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The Young Members Group works to encourage and enable all young professional members to be actively involved in the efforts and endeavors of the Society at all levels (Professional Divisions, ANS Governance, Local Sections, etc.) as they transition from the role of a student to the role of a professional. It sponsors non-technical workshops and meetings that provide professional development and networking opportunities for young professionals, collaborates with other Divisions and Groups in developing technical and non-technical content for topical and national meetings, encourages its members to participate in the activities of the Groups and Divisions that are closely related to their professional interests as well as in their local sections, introduces young members to the rules and governance structure of the Society, and nominates young professionals for awards and leadership opportunities available to members.
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April 8–10, 2021
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Fusion Science and Technology
Fukiushima Daiichi: 10 years on
The Fukushima Daiichi site before the accident. All images are provided courtesy of TEPCO unless noted otherwise.
It was a rather normal day back on March 11, 2011, at the Fukushima Daiichi nuclear plant before 2:45 p.m. That was the time when the Great Tohoku Earthquake struck, followed by a massive tsunami that caused three reactor meltdowns and forever changed the nuclear power industry in Japan and worldwide. Now, 10 years later, much has been learned and done to improve nuclear safety, and despite many challenges, significant progress is being made to decontaminate and defuel the extensively damaged Fukushima Daiichi reactor site. This is a summary of what happened, progress to date, current situation, and the outlook for the future there.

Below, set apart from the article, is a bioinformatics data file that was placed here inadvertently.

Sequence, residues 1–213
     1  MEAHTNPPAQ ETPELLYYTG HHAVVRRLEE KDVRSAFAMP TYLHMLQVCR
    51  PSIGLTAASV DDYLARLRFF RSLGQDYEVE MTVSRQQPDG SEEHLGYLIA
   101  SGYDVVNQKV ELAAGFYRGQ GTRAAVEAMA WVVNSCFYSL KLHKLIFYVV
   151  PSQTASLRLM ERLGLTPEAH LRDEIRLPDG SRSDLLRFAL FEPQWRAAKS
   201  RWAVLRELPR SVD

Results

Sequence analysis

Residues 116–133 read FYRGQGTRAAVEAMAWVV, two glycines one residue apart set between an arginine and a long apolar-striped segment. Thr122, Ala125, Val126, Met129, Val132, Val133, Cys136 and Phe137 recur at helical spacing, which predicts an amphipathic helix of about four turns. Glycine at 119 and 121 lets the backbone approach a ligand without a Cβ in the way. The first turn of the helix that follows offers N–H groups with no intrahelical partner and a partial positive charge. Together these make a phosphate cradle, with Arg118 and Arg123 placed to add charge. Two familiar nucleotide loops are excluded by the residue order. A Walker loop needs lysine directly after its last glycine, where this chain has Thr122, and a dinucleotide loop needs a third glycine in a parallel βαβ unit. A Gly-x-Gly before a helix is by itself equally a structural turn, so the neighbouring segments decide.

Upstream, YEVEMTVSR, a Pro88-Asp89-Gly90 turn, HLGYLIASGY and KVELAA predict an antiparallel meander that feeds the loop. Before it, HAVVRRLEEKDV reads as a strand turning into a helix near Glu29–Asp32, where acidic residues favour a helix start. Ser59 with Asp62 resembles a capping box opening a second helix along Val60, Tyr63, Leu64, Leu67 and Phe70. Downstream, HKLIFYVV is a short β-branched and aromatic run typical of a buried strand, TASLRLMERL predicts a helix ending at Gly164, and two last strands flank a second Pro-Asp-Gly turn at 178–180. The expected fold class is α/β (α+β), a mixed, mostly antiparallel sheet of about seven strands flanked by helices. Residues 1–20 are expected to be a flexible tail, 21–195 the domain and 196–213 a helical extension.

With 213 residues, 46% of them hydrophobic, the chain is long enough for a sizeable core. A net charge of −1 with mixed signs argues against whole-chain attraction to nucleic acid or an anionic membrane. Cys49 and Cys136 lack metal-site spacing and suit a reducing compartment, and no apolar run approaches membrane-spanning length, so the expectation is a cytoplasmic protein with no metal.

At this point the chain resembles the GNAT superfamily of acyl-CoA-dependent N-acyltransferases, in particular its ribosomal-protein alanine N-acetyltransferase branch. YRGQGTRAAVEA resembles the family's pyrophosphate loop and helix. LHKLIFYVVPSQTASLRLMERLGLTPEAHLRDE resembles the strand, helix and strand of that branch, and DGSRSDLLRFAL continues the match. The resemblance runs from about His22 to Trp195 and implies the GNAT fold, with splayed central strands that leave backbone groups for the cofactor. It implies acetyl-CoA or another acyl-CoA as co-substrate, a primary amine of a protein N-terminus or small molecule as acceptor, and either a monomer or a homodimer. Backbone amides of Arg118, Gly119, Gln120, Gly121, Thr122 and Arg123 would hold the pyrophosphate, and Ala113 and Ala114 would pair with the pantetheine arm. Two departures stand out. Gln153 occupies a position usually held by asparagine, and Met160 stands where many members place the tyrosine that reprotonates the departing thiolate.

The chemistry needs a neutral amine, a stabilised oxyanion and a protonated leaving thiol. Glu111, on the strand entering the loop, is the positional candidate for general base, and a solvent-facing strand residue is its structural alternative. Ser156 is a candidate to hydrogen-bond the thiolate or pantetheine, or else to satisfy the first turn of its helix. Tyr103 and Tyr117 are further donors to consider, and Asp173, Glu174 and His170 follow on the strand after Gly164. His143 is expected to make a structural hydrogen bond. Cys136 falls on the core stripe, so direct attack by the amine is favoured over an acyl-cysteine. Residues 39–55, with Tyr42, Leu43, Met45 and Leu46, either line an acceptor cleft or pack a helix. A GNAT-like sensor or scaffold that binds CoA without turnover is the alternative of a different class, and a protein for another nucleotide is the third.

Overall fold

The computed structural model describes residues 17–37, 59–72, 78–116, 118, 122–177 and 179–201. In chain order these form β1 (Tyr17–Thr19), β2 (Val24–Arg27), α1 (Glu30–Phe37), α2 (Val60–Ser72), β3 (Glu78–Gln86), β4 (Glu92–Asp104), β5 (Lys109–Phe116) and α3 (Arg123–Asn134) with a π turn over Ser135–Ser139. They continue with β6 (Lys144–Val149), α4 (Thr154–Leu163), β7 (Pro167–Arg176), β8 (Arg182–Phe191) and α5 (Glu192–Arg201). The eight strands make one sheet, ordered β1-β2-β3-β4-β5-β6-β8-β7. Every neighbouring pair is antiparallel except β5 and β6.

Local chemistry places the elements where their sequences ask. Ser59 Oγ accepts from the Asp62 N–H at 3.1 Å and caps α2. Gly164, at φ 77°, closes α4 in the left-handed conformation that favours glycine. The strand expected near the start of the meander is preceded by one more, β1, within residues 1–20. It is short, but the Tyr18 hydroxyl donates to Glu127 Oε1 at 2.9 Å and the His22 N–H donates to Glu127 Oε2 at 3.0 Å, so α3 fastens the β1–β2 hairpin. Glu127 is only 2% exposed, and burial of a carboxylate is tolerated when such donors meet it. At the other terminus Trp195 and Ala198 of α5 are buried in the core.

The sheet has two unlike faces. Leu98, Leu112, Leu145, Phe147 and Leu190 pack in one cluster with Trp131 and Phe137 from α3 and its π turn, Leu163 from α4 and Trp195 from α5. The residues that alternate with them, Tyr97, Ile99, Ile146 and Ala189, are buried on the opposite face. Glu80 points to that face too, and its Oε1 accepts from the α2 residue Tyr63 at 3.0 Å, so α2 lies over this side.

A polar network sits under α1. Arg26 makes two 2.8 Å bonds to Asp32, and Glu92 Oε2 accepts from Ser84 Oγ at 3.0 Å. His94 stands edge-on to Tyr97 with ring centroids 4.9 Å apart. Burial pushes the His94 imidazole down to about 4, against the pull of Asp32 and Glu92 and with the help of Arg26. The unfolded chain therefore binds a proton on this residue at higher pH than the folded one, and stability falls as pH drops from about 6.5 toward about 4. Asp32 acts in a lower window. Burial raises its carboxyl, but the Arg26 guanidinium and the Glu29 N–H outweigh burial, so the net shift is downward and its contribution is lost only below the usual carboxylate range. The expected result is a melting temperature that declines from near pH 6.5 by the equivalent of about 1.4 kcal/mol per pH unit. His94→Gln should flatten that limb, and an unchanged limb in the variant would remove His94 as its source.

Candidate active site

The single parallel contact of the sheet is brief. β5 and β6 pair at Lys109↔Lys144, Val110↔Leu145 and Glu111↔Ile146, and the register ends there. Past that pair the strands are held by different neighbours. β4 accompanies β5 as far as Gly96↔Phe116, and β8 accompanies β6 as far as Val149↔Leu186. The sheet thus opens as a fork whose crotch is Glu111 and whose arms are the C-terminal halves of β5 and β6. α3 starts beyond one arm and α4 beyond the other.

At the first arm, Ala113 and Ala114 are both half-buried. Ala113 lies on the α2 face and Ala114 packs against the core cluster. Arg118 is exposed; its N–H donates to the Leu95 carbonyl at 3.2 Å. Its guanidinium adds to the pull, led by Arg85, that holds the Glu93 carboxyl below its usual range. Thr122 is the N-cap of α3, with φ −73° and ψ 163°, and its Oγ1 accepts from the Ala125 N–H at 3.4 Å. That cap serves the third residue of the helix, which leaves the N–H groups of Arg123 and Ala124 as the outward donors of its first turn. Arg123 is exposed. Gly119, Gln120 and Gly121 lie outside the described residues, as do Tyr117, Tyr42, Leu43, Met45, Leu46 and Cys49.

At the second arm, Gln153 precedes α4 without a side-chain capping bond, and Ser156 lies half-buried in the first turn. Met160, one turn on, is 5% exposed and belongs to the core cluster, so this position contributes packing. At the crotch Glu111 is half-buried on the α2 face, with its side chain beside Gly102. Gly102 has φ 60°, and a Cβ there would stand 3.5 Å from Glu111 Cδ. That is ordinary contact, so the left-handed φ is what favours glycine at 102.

S. I. Abdel-Khalik, L. Crosatti, D. L. Sadowski, S. Shin, J. B. Weathers, M. Yoda, ARIES Team
Fusion Science and Technology | Volume 54 | Number 3 | October 2008 | Pages 864-877
Technical Paper | Aries-Cs Special Issue | dx.doi.org/10.13182/FST08-A1907
Articles are hosted by Taylor and Francis Online.
This paper describes a numerical and experimental investigation in support of the ARIES-CS divertor design, which selected a modular, helium-cooled, T-tube design that can accommodate a peak heat load of 10 MW/m2. Numerical analyses were carried out using the FLUENT computational fluid dynamics software package to evaluate the thermal performance of the divertor at the nominal design and operating conditions. Sensitivity studies were also performed to determine the effect of variations in geometry and operating conditions resulting from manufacturing tolerances and/or flow maldistribution between modules. The results indicate that the selected design is "robust" with respect to such anticipated variations in design and operational parameters and that a peak heat flux of 10 MW/m2 can be accommodated within the constraints dictated by material properties. Extremely high heat transfer coefficients [>40 kW/(m2K)] were predicted by the numerical model; these values were judged to be "outside the experience base" for gas-cooled engineering systems. Hence, an experimental investigation was undertaken to verify the results of the numerical model. Variations of the local heat transfer coefficient within an air-cooled, geometrically similar test module were measured at the same Reynolds number as the actual helium-cooled divertor. Close agreement between the model predictions and experimental data was obtained. The results of this investigation provide added confidence in the results of the numerical model used to design the ARIES-CS divertor and its applicability to other gas-cooled high-heat flux components.